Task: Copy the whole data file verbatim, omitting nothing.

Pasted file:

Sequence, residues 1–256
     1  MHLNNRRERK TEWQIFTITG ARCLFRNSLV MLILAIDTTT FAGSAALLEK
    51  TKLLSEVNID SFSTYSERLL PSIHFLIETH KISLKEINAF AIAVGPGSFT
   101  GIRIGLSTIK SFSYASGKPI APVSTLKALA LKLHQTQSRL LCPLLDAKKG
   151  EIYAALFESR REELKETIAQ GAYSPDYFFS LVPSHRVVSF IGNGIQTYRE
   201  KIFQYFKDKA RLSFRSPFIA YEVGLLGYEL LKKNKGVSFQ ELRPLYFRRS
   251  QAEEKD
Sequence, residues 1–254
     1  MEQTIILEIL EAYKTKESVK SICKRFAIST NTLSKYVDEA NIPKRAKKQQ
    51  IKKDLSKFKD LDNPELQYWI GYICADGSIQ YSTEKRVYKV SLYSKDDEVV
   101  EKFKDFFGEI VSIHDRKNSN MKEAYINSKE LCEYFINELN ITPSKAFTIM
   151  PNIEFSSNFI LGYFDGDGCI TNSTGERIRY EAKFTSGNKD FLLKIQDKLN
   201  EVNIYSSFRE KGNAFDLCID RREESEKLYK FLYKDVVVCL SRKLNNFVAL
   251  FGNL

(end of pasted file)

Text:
Sequence, residues 1–256
     1  MHLNNRRERK TEWQIFTITG ARCLFRNSLV MLILAIDTTT FAGSAALLEK
    51  TKLLSEVNID SFSTYSERLL PSIHFLIETH KISLKEINAF AIAVGPGSFT
   101  GIRIGLSTIK SFSYASGKPI APVSTLKALA LKLHQTQSRL LCPLLDAKKG
   151  EIYAALFESR REELKETIAQ GAYSPDYFFS LVPSHRVVSF IGNGIQTYRE
   201  KIFQYFKDKA RLSFRSPFIA YEVGLLGYEL LKKNKGVSFQ ELRPLYFRRS
   251  QAEEKD
Sequence, residues 1–254
     1  MEQTIILEIL EAYKTKESVK SICKRFAIST NTLSKYVDEA NIPKRAKKQQ
    51  IKKDLSKFKD LDNPELQYWI GYICADGSIQ YSTEKRVYKV SLYSKDDEVV
   101  EKFKDFFGEI VSIHDRKNSN MKEAYINSKE LCEYFINELN ITPSKAFTIM
   151  PNIEFSSNFI LGYFDGDGCI TNSTGERIRY EAKFTSGNKD FLLKIQDKLN
   201  EVNIYSSFRE KGNAFDLCID RREESEKLYK FLYKDVVVCL SRKLNNFVAL
   251  FGNL